Linh: There is this amazing organization that I’ve been following called the Cut Fruit Collective, and I think it’s based out of Oakland. The commonality that they found in a variety of Asian cultures [is] they find all parents like to cut fruit for their kids, peel fruit and have it ready, in the fridge and at the availability. And their thought is that our parents took care of us in a little way like that, and this is a time when we can do something little to take care of them, and so it’s a little overwhelming.
Thankfully, my mom is not in the Bay Area and is not really affected by the stuff that’s happening here, but I definitely look at my in-laws a little differently, and I offer to go to the grocery store for them and try and take care of them. I think we are definitely in a position where it’s kind of really scary for our older family members to live their daily lives, and it’s a struggle for me because I don’t know if it’s the same with your grandparents, but they’re really stubborn.
So, there’s the part of me that’s battling all the Asian hate stuff, and there’s a cultural thing of respect and listening to your elders—having to fight them to take care of them because they’re being really stubborn. They want to go to the grocery store, they want to do the thing that they want to do, and you’re trying to protect them, and they don’t want to be protected, so it’s kind of a funky dance between the two.
Julia: What does AAPI Heritage Month mean to you?
Linh: Okay, so I was thinking about this, and when I was growing up, this didn’t exist. And so, in my lifetime, to have a month that’s dedicated to celebrating is kind of amazing to me. Growing up in Bakersfield and I remember every time I went to a bookstore, and I would see a book that had Asian characters in it, I would jump at the chance to buy it. If it was a television show that had an Asian person in it, that wasn’t part of the Chinese dramas that we would import from Hong Kong; I was so excited.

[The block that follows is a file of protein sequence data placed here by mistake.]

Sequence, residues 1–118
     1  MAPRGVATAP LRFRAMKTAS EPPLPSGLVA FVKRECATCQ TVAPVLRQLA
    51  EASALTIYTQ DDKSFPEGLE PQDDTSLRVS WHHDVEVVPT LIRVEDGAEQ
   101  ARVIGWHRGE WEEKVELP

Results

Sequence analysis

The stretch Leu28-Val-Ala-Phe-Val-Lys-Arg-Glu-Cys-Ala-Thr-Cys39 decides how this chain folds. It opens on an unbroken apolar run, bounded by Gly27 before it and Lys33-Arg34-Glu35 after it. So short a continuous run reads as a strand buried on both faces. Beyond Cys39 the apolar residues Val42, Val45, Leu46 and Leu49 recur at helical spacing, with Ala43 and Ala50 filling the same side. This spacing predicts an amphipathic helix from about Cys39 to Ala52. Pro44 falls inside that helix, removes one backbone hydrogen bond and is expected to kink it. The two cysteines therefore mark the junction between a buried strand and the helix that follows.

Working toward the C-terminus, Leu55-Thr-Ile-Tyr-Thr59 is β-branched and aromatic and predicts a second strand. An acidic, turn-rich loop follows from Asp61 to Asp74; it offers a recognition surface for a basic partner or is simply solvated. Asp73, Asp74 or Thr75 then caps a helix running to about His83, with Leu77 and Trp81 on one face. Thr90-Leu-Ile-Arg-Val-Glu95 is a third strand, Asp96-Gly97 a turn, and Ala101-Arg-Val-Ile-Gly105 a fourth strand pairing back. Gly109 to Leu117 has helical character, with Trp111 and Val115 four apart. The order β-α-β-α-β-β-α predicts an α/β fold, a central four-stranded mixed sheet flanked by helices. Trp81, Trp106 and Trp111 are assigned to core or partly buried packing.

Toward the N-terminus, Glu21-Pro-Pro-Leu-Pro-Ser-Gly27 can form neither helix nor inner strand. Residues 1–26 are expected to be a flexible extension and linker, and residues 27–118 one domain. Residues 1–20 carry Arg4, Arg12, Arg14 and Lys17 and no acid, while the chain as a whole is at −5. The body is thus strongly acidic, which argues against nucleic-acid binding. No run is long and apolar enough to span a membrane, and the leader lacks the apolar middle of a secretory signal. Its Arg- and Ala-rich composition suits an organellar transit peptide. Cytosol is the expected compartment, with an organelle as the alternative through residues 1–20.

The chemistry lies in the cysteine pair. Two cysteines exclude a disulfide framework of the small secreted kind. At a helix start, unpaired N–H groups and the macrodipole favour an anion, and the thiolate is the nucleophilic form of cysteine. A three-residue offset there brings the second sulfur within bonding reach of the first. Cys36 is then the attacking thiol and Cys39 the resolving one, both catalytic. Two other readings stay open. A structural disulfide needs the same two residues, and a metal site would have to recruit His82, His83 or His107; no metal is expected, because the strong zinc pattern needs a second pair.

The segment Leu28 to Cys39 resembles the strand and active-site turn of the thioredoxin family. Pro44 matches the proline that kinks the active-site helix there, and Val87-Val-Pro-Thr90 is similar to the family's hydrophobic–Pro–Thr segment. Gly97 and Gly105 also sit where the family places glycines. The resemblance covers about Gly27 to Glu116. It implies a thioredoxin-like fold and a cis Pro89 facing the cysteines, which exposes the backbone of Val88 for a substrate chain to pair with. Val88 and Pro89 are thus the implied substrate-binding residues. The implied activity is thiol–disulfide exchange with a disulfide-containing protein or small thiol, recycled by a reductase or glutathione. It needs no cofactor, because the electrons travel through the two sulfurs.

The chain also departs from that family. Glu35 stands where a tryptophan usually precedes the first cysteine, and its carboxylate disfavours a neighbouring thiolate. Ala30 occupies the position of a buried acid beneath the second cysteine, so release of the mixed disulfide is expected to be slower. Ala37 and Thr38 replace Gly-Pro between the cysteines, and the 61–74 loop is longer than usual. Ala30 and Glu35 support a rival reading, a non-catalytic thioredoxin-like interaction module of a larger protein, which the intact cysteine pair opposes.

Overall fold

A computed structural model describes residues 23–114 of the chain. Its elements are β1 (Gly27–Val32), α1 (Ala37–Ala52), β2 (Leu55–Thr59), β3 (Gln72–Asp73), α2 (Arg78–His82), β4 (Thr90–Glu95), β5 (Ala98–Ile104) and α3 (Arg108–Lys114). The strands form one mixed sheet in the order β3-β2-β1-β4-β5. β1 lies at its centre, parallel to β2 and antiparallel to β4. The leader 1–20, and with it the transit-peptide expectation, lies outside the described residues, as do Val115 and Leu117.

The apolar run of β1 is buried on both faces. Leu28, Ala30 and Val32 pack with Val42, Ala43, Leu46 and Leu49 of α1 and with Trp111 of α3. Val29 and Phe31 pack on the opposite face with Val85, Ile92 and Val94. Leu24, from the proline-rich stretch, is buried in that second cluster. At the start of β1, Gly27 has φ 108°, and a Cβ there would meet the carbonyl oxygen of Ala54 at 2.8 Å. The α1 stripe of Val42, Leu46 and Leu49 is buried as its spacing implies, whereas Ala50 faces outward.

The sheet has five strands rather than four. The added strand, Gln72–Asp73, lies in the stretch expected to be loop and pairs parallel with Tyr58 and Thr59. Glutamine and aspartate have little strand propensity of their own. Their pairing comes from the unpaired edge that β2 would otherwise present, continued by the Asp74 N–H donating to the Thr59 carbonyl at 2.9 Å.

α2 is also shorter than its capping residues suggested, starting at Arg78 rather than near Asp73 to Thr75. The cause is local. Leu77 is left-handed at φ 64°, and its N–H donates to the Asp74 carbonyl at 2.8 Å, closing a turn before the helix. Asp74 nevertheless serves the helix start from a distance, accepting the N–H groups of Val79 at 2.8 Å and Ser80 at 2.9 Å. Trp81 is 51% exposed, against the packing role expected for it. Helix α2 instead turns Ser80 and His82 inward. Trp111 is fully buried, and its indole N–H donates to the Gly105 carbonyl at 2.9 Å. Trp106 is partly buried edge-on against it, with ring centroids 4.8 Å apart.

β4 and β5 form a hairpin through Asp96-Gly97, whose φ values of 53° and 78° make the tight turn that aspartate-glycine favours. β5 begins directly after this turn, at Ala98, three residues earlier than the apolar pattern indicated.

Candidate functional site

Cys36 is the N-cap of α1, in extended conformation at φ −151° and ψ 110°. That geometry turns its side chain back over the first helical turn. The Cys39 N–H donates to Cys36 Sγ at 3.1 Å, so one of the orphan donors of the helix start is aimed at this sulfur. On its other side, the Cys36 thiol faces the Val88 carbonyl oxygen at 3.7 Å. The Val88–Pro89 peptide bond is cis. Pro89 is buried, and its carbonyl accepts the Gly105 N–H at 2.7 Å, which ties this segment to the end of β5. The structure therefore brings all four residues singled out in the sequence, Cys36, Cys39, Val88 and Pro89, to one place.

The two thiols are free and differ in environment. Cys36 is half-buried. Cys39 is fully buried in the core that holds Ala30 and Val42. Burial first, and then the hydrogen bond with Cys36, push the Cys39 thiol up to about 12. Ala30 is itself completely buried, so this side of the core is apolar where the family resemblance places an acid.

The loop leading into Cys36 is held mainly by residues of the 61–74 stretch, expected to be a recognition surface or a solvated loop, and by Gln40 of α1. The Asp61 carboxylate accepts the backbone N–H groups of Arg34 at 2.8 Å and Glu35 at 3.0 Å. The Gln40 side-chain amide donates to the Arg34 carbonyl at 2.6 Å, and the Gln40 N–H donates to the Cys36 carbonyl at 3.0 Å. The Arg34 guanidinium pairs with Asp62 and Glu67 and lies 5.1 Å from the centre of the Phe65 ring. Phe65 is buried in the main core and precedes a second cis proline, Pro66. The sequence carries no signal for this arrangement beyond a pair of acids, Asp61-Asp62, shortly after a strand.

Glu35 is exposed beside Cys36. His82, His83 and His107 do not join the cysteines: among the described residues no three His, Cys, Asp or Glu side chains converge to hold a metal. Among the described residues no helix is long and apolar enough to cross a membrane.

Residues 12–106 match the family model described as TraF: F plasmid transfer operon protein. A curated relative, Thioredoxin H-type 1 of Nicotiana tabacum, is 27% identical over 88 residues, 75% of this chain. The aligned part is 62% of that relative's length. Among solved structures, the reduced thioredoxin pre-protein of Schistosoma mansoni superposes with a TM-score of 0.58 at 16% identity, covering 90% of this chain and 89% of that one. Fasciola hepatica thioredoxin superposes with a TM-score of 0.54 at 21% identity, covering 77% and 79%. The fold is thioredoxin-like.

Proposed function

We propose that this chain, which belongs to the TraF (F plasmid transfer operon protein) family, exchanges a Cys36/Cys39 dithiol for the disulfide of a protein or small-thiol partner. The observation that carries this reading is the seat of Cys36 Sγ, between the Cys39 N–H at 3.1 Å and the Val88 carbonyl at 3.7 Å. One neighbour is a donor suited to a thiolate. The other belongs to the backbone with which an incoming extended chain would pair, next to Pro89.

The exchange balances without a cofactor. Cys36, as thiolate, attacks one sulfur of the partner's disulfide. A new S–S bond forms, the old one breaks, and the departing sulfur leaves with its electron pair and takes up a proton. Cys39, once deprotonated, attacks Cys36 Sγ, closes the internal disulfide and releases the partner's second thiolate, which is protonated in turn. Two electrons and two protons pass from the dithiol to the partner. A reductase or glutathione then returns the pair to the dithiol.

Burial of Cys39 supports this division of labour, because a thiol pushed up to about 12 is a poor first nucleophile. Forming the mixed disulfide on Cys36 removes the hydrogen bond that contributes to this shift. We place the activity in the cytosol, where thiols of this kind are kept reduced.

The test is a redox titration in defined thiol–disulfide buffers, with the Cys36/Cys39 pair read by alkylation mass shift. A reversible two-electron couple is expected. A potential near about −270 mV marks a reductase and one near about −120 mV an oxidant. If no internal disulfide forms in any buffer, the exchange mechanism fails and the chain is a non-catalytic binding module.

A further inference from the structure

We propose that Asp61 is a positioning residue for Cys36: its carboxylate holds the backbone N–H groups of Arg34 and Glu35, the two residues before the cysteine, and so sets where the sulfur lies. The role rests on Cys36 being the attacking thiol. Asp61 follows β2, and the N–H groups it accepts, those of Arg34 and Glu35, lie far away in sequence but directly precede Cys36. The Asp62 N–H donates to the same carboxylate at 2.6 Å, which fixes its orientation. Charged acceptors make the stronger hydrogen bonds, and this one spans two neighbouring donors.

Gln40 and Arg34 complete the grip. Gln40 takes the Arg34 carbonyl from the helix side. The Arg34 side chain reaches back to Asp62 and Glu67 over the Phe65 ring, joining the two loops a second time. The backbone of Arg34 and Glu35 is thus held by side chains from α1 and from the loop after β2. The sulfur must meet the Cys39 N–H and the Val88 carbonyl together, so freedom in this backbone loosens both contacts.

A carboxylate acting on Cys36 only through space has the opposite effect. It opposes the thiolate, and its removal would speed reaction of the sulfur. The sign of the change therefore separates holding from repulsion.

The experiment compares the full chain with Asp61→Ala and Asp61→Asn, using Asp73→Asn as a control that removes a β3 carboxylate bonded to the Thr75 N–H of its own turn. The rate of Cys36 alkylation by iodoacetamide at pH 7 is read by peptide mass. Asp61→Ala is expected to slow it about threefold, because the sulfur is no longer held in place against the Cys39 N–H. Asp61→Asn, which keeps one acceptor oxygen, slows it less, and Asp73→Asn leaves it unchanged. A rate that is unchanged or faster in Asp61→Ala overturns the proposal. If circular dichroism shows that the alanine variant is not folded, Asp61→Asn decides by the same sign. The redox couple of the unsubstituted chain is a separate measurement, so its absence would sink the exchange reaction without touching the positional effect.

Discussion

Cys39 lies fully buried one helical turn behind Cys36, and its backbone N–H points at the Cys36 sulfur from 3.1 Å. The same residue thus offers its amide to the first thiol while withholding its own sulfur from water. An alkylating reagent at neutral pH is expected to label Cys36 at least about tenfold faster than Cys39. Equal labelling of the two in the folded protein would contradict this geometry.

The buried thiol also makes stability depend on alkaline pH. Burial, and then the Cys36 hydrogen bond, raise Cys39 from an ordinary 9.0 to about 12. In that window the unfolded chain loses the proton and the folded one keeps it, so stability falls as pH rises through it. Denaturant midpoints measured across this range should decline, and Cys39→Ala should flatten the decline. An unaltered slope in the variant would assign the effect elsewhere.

To actually have an entire month dedicated to seeing the rise in Asian actors and actresses and performers, like every time I see Awkwafina performing in something, with all these amazing artists, I’m like, how is this in my lifetime? You know, it’s just amazing to me. So I think that it feels like such an honor to get the recognition and just the moment to share our culture, ‘cause I sometimes think, especially with Asians in general, they’re kind of pushed off to the side a little bit. They’re more of a supporting role; they’re kind of in a different realm, and to actually have some highlights is pretty awesome.
Nato: Is there anything else you want to add at the end of this interview?
Linh: The one thing that I would add is that when I started working here 18 years ago, there was no AAA. It started out as a group of friends that wanted to hang out together. There was one general POC club, and I think that maybe there was a Black Student Union that had just developed, and a small group of kids who were friends were like, let’s start AAA or let’s start an Asian American club. And to think that over time, what we’ve grown this club to be, and now that we’ve got all these other offshoots of clubs to represent different Asian cultures, is kind of stunning. To think that we’ve come up with traditions now, that if they don’t happen, people miss it—like we’ve got different annual markers that we do as a club, and that just makes my heart so happy.